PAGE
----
JERUSALEM – Professor of language and education at Hebrew University Nurit Peled-ElHanan recently released a book analyzing the portrayal of Palestinians in 16 history, civics and geography textbooks authorized by the Israeli Ministry of Education.
‘Palestine in Israeli School Books’ argues that the textbooks legitimate Israeli military policy in the eyes of young students, and prepare them for military service upon graduation.
Ma’an spoke to Peled-ElHanan about the ideas behind her latest book.
You write that Palestinians are often portrayed as anonymous, primitive, so-called “third-world” farmers — do you think this imagery functions as a kind of “imperialist nostalgia,” as Renato Rosaldo calls it, a “mourning for what one has destroyed”?
This colonialist idea of the romantic Orient was there in the past, when the Israelis wanted to be “indigenized,” but today I don’t think that is true anymore.
In the textbooks I studied, the Palestinians and Arabs are presented as a problem. It is like Ehud Barak said, “We are a villa in a desert,” so the Palestinians are the desert. They look down on the desert. The desert is an underdeveloped, backward, political mass.
You also see the “Oxfam image” of the Palestinian farmer. These caricatures of the Palestinians do not have any Arab characteristics; they are primarily “non-Jews,” problems or obstacles to progress.
The Palestinian farmer is not presented with a kuffiyeh or anything specifically Arab, just oversized, ratty clothes that evoke imagery of a poor laborer that could be from anywhere. This is a different perspective. There is no more glorification of the kuffiyeh here, or of anything specifically Arab.
In the book, you discuss how Israelis are now presented as “Jews and others,” mainly referring to non-Jewish Russian immigrants. Why do you think Russians have been incorporated like this?
Because they are white, and they are Europeans. This is the complex. For Zionism, if you are white and blonde then you can come here. The Russians are going to help to purify the race. But when you look at the books and you see pictures or drawings, you do not see black Jews.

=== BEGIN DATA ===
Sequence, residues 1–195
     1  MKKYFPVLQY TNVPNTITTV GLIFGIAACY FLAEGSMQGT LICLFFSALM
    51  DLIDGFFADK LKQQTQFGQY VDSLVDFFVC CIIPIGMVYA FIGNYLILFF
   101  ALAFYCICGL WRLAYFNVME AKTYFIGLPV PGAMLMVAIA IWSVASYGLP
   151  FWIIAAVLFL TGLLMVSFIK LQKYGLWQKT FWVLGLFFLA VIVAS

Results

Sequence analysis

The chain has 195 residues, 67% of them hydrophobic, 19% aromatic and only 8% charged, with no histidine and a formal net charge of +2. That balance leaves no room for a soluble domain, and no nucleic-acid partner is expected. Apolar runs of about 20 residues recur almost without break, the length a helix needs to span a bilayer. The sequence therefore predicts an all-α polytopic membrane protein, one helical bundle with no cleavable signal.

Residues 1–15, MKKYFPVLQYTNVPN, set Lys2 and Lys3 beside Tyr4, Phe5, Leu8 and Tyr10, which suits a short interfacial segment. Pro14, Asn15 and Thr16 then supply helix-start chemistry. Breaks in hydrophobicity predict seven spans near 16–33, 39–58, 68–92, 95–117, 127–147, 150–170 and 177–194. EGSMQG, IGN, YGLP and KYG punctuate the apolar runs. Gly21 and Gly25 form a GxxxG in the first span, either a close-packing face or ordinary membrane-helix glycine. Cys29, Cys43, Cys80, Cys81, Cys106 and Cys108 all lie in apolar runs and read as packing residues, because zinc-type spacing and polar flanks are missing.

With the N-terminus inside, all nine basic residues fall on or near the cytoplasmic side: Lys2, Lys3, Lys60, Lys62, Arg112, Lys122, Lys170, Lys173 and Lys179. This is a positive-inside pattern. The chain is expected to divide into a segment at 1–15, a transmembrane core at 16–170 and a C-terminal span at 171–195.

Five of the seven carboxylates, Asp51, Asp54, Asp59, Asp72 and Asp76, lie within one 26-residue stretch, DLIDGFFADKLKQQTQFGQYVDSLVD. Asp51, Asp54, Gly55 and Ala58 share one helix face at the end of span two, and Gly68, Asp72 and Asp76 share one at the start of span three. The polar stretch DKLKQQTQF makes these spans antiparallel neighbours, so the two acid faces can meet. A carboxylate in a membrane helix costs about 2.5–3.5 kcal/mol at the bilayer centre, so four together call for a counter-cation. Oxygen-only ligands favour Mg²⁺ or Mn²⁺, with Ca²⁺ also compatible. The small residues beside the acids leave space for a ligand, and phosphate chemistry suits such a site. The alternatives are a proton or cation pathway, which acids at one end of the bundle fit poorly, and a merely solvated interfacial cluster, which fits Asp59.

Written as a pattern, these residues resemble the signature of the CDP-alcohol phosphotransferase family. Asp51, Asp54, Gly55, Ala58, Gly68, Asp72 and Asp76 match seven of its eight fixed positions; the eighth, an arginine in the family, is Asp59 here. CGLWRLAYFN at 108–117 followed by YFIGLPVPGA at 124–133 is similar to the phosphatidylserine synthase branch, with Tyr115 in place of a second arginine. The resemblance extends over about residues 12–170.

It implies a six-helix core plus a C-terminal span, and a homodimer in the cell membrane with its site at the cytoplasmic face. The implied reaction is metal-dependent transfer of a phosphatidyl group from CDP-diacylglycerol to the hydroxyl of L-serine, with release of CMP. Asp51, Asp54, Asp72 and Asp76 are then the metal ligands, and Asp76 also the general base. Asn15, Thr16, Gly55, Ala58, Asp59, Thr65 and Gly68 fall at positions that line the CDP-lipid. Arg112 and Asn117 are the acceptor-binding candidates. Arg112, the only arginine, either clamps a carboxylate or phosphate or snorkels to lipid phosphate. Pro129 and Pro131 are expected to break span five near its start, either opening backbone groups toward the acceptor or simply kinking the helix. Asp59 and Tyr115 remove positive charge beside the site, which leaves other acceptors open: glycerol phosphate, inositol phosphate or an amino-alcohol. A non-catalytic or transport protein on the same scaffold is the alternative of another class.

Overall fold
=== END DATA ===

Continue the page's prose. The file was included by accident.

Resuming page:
When you speak about integration of new immigrants, you speak about “Sasha” the Russian girl who was integrated really well. You don’t see the Ethiopians. They are, after the Arabs, the ones who are excluded completely.
If they are going to be mentioned, it is as percentages, as problems to be solved, like the Arabs. They are not going to be solved by being eliminated, because they are important for demography. The way to solve their problem is to ignore them completely.
Do you think Jewish identity has become more racialized than it was in the past?
Of course. I mean, it came with Zionism — they had not conceived of black Jews when they started. But many of the early Zionists came from Eastern Europe, and they were called the “Ost Judden.” They were the “Eastern Jews” and they were inferior to the “Western Jews,” from Western Europe.
So they westernized themselves when they came, toward the other Jews. The funny thing is, those early Zionists said they perpetuated a western culture, but they had never met a western culture until they came here. The only people who came with Western culture were the Jews from Arab countries, because they studied in French and British schools.
But when Jews came from Arab countries, they had to give up their Arabness — to give up their culture, their music, their habits, their clothes, their accent. They really worked on that. It is all part of the same racism. It is white supremacy.
Your book discusses Israeli textbooks up until 2009. What has changed in the last two years?
In 2010, when Gideon Saar became Minister of Education, things became much worse. There is a new subject now called “Israeli culture” that everybody has to study. There are about 15 to 20 new textbooks on the subject and they are compulsory.
And there are no Arabs there at all. Even when they say “Jerusalem, the city of three religions,” you see “Christians and Jews,” you do not see Arabs. They all deal with democracy, human rights, and peace all over the world — Chinese, and Indian and African rituals of peace — but it is an Arab-less world.
They are nonexistent. One geography book that talks about refugees used to have a picture of the Jabalia refugee camp in Gaza, and they spoke about Palestinian refugees a little bit. “Jewish and Arab refugees as a result of the wars,” something like that. Now they changed it, and they speak about Darfur instead. This is the way to completely de-Arabize the area.
Is it possible to make a textbook in Israel that actually presents the Palestinian narrative without refuting or marginalizing it, and allows Israeli students to question the military and state’s narrative?
I tried with a Palestinian colleague to form a group, and write an alternative book. But then the Gaza raid started and it fell apart. Now I got an email from someone saying they want to revive it, and they want my consultation. Of course it’s possible.
What would such a book look like?
The book should be the history of the place. Here, students do not learn about the Middle East at all. They learn about Europe because we are supposedly part of Europe. I want to teach what happened here in the last one hundred years, from all points of view.